If you are having pain or bleeding, contractions or fever and need to go to the ER, if the distance is the same between two hospitals, you should go to the ER where there is obstetric and neonatal care. Any hospital ER can deliver a baby and stabilize mom and child when things move fast or are complicated. But if there’s time, it’s best to be where there is the highest level of care. Best for mom, best for baby and best for the ER doctor who doesn’t deliver a lot of babies and breaks out in a cold sweat when he things about it. (That’d be me.)
Honestly, in my opinion every hospital should put up signage and advertising that makes it clear what services they do, and do not, offer. This could be done with the same warnings I gave above, but it’s helpful for patients to know what they can, and absolutely cannot, expect at any given facility.
If you are on dialysis, and are traveling, find out what hospitals have inpatient dialysis. Many do not have it and if you have problems the local ER will have to try and transfer you. Folks on dialysis can have assorted complications like infection, difficulty breathing due to fluid build up and electrolyte abnormalities. Any ER can stabilize this for a while, but there’s no substitute for the dialysis machine.
I hesitate to say this but it’s just reality. Increasingly we can’t find ambulances to transport patients to other hospitals. I have seen people sign out ‘against medical advice’ and have family or friends drive them to the other facility where they can get the care they need. It isn’t optimal. And it should never been done for patients who are unstable; that is, having heart attacks or strokes, shortnes of breath, bleeding, confusion, in active labor, etc. But having watched patients wait for days and days to be transported, I kind of get it. Just throwing that out there.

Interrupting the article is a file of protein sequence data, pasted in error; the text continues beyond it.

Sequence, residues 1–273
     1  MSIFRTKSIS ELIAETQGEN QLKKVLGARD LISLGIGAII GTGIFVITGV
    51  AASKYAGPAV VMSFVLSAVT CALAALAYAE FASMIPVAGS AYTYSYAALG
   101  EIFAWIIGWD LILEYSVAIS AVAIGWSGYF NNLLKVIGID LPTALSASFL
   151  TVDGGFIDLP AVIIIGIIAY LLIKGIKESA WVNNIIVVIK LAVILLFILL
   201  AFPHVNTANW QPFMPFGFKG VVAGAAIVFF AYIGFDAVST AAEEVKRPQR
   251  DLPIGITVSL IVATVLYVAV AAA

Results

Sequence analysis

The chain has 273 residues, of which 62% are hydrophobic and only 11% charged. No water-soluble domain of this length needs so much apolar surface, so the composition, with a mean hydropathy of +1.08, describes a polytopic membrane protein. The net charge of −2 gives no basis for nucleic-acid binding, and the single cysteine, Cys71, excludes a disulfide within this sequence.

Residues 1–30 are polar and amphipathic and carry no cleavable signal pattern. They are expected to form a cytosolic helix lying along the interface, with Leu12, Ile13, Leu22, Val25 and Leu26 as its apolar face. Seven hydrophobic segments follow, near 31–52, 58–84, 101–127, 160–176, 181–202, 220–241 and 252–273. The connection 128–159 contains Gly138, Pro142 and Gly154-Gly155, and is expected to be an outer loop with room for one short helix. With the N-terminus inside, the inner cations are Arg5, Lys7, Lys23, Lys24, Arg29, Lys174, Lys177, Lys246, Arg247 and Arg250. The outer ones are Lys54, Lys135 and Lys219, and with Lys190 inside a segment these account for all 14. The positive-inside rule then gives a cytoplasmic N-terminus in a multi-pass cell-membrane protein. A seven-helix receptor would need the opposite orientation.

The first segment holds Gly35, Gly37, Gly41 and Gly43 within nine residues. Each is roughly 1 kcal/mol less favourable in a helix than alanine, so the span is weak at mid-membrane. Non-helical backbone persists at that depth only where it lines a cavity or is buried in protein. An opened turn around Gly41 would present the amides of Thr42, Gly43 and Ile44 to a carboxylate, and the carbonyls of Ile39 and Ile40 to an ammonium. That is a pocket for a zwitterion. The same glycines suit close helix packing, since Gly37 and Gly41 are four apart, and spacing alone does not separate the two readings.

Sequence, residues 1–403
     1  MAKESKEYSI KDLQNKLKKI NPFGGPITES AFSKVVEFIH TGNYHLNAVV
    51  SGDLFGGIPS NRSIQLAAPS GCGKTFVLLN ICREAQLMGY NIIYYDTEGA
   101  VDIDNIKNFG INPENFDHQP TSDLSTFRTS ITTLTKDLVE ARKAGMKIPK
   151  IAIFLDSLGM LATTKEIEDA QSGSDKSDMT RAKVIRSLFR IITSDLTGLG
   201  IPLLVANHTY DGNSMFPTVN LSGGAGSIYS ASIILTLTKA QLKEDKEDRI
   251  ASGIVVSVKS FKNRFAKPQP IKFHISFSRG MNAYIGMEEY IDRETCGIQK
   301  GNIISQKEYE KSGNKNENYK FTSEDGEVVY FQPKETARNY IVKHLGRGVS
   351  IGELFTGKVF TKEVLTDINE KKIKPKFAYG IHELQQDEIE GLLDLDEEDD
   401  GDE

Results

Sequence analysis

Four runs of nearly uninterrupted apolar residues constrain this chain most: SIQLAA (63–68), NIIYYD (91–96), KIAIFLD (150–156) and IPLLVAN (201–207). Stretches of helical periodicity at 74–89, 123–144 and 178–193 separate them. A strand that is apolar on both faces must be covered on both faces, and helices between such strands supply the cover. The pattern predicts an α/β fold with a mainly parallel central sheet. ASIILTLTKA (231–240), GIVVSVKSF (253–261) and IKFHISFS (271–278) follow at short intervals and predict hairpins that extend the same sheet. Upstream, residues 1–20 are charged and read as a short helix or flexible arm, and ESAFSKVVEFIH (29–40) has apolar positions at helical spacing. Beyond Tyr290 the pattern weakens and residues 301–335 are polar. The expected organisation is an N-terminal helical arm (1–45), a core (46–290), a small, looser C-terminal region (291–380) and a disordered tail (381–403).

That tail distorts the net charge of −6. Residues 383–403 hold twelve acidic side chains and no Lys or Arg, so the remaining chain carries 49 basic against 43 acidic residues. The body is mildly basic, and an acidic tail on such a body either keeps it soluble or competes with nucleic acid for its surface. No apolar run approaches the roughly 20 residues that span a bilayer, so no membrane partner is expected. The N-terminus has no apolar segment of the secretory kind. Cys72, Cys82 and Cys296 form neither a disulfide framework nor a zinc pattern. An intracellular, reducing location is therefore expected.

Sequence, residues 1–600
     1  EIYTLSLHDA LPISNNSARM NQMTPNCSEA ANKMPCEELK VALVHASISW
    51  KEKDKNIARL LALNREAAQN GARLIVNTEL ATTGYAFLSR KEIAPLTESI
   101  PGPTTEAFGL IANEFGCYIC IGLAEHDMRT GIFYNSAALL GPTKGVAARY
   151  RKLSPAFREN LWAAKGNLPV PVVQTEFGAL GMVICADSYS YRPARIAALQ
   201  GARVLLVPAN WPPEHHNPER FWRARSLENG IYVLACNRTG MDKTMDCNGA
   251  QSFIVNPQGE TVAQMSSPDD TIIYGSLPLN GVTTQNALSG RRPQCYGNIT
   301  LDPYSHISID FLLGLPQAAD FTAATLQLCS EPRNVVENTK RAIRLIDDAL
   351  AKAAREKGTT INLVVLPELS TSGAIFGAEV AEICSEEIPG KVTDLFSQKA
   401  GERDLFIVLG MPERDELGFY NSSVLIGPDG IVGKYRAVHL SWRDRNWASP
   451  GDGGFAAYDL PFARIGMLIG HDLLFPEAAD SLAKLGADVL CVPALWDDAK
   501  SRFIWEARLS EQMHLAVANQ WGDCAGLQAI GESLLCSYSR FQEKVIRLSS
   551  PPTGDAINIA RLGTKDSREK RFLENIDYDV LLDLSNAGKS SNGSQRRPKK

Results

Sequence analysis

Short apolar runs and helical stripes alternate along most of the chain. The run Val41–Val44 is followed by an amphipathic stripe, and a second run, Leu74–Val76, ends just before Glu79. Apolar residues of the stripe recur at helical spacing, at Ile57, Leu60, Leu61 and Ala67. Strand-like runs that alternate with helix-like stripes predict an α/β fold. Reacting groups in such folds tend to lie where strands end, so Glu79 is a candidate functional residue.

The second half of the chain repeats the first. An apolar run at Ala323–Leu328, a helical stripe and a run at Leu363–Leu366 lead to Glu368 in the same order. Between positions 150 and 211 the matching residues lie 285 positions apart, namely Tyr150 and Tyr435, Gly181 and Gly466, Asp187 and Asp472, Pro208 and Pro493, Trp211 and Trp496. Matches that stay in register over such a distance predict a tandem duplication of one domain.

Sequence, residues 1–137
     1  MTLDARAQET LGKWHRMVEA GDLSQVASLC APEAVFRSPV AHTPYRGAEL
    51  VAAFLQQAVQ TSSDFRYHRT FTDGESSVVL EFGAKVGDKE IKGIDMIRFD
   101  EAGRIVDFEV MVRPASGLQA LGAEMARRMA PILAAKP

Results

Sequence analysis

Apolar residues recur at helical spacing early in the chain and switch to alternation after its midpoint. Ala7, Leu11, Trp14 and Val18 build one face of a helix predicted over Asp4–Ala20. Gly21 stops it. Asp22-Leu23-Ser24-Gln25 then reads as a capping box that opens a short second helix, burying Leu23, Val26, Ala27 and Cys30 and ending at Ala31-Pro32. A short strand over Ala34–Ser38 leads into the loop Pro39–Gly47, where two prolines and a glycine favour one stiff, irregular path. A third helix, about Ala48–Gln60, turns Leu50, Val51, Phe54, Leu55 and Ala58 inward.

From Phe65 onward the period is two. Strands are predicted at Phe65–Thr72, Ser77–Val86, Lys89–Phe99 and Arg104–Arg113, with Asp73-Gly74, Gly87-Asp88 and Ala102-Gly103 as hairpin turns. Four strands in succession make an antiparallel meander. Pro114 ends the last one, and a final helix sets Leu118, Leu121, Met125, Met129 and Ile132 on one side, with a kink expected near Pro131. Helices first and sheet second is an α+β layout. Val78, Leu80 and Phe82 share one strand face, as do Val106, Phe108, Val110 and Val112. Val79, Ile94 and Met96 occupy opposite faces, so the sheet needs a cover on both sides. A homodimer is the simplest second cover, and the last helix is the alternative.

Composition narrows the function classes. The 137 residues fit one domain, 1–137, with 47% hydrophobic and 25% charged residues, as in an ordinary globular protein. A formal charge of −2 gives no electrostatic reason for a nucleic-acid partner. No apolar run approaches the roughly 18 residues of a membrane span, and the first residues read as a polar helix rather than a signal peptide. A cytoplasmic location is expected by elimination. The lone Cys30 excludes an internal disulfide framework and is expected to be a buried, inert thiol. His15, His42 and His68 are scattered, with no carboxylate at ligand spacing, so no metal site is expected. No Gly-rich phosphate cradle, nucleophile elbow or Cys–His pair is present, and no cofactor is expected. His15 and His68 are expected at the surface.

Wait times can be very long now. We feel bad about it. But it’s just the reality of things. So, bring your phone and charger (see #1 above), bring something to read, bring a sweater or jacket (it’s always cold) and if you aren’t the patient with abdominal pain or some severe symptom, bring snacks. We don’t have many. If we did, we’d eat them.
I hope you don’t have to go to any ER, ever. But if you do, maybe these ‘life hacks’ will make the experience better than it would have been otherwise.
If you have any of your own, I’m happy to see them in the comments!